Figure 1. Stakeholders related to family life: child, parents, employees, social services, associations of people with a particular diagnosis, such as autism, and designers.
They placed the stakeholders in circles / spotlights (figure 2) where they added tokens illustrating what they thought were the roles and qualities that each stakeholder should have.
Figure 2. Stakeholders placed in “spotlights” where tokens were added to each stakeholder. Each token identifies a quality or role of the stakeholder.
When drawing the relationships, students illustrated a finding that they made when interviewing the parents of children living with autism or ADHD. The below (figure 3) landscape illustrates the idea that long term job seekers can do an internship where they help these families with practical issues, so that the parents can concentrate on caring for their children. In the research phase, students learned that parents expressed fatigue and that practical help was more appreciated than professional help from family counseling, social workers etc.
Figure 3. Stakeholder landscape with tokens from the spotlights (figure 2) to describe the roles and qualities in stakeholder relationships.
Below is a detailed example of three moodboards (figure 5, 6 and 7) that this group created where they illustrated how family life could be if there was someone who could offer these families practical help. The value words for their concept were openness in relation to the involvement with families, creation of well-being for the parents, safety for the child, and respect – understanding of the family and their everyday life situations.
Figure 5, 6, and 7. Please notice that the first moodboards did not contain any value words. The student group added the value words later in their presentation where they revealed their project values to the class along with visual material.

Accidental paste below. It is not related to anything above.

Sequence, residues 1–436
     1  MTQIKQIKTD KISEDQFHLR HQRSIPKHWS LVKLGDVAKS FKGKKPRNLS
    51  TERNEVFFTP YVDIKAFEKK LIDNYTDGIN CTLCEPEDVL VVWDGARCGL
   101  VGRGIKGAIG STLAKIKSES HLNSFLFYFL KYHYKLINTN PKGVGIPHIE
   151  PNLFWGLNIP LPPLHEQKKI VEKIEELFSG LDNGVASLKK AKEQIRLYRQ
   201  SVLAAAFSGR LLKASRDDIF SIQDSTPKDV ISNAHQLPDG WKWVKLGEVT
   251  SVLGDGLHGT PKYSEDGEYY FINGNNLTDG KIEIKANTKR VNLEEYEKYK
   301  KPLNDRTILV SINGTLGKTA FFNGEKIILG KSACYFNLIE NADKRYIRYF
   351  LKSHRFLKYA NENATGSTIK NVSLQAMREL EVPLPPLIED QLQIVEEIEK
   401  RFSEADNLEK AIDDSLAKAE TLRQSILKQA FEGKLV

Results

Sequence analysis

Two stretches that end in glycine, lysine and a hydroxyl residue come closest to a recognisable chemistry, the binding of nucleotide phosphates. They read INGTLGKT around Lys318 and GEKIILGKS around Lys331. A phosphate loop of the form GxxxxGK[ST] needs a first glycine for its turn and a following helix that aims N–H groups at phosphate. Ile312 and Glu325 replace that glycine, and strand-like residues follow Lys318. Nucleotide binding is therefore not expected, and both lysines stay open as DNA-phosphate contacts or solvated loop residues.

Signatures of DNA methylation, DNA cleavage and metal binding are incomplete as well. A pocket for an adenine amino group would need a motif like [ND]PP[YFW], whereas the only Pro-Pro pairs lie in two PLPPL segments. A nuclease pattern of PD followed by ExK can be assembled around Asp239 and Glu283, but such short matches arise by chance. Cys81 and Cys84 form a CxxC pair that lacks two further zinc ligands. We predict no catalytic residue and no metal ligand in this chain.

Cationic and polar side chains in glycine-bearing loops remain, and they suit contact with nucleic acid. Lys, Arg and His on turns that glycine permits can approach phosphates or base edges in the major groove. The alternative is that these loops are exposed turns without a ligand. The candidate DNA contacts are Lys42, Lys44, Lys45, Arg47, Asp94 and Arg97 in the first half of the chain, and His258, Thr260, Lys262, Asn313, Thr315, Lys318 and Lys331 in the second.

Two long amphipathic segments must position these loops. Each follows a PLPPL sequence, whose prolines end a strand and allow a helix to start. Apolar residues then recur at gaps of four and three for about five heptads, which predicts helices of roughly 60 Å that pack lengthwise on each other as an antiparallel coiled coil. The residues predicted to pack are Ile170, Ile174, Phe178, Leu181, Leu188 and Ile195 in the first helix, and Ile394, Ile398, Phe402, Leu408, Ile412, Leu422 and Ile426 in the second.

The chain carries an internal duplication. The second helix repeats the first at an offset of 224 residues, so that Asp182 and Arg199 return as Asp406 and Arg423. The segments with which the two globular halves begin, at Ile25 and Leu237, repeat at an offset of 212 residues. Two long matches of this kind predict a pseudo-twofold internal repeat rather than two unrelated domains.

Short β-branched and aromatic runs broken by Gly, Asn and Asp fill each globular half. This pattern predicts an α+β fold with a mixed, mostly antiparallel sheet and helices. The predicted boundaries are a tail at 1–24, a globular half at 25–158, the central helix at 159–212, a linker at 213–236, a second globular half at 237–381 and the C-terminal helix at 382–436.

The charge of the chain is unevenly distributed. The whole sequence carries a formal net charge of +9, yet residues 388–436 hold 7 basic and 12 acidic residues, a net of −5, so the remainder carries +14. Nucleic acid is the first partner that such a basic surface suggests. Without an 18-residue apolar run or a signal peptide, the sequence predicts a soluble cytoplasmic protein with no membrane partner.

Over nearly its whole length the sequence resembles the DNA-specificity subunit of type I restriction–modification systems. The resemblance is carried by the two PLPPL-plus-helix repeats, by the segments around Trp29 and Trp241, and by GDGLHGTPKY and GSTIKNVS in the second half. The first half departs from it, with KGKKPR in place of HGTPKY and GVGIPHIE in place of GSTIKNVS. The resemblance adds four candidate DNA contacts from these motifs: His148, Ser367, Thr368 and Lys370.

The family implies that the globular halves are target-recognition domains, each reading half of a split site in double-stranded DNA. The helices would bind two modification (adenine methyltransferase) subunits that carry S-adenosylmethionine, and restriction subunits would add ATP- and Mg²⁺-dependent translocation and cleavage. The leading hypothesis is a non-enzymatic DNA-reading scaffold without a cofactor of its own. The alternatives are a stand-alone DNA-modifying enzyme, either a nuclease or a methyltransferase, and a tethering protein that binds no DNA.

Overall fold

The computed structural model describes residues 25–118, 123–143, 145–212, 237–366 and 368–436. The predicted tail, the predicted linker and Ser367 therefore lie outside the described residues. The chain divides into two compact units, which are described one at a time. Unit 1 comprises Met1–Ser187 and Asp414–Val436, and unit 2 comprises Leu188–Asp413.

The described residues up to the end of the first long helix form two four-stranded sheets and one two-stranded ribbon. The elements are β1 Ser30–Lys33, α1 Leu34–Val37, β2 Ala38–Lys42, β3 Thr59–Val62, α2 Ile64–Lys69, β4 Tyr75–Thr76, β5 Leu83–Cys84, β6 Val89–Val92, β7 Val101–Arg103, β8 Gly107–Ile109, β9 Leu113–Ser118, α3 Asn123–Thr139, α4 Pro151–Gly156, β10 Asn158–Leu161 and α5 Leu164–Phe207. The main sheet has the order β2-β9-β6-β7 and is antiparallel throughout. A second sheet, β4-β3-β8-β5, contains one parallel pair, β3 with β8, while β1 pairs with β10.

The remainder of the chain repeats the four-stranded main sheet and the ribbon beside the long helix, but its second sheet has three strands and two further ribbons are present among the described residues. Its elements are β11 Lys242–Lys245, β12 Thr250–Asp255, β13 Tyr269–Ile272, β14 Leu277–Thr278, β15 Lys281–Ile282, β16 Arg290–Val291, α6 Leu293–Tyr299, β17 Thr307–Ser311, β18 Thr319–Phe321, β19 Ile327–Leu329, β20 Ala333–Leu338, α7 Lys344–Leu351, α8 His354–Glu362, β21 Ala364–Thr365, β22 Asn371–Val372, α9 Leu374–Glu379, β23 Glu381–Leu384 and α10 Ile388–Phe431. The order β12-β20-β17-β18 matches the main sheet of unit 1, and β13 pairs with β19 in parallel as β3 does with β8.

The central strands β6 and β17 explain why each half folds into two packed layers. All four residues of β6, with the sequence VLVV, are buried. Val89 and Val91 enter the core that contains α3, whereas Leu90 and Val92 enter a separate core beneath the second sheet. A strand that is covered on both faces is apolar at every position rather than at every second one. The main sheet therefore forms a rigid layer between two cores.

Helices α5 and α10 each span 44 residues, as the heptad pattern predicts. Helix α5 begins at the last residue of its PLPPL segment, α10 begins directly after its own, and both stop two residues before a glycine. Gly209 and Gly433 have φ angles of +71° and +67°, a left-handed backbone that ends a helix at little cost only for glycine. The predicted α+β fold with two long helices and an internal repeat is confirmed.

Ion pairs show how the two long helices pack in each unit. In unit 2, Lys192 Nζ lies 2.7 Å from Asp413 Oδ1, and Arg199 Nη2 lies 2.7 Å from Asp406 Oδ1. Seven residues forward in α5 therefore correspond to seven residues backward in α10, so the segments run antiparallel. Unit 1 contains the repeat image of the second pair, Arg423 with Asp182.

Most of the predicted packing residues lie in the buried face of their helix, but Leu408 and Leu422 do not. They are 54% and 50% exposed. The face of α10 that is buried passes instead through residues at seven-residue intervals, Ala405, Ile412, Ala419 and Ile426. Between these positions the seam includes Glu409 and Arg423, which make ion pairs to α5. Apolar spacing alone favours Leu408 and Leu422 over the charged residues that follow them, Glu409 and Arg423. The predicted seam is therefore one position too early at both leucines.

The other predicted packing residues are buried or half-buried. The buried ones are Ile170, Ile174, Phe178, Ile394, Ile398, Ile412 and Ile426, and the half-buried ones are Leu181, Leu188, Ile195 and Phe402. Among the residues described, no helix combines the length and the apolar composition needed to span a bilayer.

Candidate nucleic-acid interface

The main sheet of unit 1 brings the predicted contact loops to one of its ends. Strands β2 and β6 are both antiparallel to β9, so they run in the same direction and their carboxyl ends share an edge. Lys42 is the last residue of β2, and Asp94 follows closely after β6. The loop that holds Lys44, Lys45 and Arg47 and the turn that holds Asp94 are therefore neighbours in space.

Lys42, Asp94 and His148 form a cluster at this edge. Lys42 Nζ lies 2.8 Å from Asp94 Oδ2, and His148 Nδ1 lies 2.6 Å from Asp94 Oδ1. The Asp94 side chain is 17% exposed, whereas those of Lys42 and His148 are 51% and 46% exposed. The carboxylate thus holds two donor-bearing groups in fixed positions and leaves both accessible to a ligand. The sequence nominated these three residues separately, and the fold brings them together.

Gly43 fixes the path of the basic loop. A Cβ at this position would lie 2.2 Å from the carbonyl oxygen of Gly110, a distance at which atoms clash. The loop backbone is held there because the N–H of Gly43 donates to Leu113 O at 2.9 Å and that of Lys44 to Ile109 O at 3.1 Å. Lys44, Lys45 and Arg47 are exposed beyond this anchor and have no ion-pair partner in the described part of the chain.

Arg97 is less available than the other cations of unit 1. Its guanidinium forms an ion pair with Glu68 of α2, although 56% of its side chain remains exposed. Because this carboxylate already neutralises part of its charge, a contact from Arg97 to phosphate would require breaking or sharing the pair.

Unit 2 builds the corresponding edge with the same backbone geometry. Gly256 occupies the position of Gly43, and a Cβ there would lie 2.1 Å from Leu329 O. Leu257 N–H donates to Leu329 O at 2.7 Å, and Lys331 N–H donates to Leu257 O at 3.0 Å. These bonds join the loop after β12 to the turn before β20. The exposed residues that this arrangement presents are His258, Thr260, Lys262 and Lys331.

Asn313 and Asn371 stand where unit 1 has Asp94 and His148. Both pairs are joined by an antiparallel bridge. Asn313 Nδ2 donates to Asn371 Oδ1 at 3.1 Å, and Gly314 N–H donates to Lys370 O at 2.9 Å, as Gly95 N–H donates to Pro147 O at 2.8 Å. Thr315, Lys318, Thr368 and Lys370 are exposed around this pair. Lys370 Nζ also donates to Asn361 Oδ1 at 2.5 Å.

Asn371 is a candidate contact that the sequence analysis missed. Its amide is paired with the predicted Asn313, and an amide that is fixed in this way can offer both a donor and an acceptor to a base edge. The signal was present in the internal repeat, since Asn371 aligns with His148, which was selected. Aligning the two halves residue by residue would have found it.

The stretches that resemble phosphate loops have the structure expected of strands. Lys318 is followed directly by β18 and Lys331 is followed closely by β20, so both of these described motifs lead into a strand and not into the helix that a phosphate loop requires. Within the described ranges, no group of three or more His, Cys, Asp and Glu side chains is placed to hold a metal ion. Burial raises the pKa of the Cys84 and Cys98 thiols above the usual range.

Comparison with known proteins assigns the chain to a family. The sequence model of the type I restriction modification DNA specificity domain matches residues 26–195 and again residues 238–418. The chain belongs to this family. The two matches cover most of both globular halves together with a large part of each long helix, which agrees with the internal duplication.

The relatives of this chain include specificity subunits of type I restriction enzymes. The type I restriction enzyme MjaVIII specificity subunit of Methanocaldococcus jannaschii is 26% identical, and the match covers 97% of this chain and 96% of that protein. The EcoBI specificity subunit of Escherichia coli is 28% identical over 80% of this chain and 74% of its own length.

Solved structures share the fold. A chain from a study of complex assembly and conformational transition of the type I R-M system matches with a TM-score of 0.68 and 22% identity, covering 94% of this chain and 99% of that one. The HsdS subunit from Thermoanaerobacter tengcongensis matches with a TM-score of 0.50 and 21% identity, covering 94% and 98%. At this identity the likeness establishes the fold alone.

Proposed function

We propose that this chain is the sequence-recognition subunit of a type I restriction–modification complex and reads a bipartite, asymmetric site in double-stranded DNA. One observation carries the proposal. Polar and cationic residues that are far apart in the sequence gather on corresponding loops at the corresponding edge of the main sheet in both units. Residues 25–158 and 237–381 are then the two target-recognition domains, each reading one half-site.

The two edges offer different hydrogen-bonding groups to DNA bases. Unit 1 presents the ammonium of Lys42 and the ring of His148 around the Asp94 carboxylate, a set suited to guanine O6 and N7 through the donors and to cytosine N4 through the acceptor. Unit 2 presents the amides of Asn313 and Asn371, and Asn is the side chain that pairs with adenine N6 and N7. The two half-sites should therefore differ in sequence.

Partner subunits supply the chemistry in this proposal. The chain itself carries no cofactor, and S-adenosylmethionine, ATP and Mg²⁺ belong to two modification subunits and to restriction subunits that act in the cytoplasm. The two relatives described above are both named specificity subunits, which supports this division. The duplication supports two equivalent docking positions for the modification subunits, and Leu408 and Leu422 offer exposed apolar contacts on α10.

The value landscapes gave the students an opportunity to re-imagine and re-invent taken for granted relationships between stakeholders in the different cases, based on desired values. Some of the tokens in the different spotlights ended up becoming features of the service they developed – they became icons and buttons. The students preferred drawing storyboards instead of acting out the scenarios. This could have been due to the public classroom setting of the workshop where all groups were present. Some groups made storyboards seen from different stakeholder perspectives.
During the presentation of the moodboards, which was too informal, student groups struggled with remembering which word associations the different visual materials provided. Thus, this kind of assignment would work well if the moodboards were made in a joint online visualisation program (e.g., Miro Mural, Padlet), where student groups could invite other students to comment directly on the visual materials that are placed on the moodboards. In another course, the teacher did this, and below are some examples of mood boards with comments, where the students later added values to the moodboards that only contained visual materials when presented the first time.
Cottam, Hillary (2018). Radical Help – how we can remake the relationships between us and revolutionize the welfare state. Virago.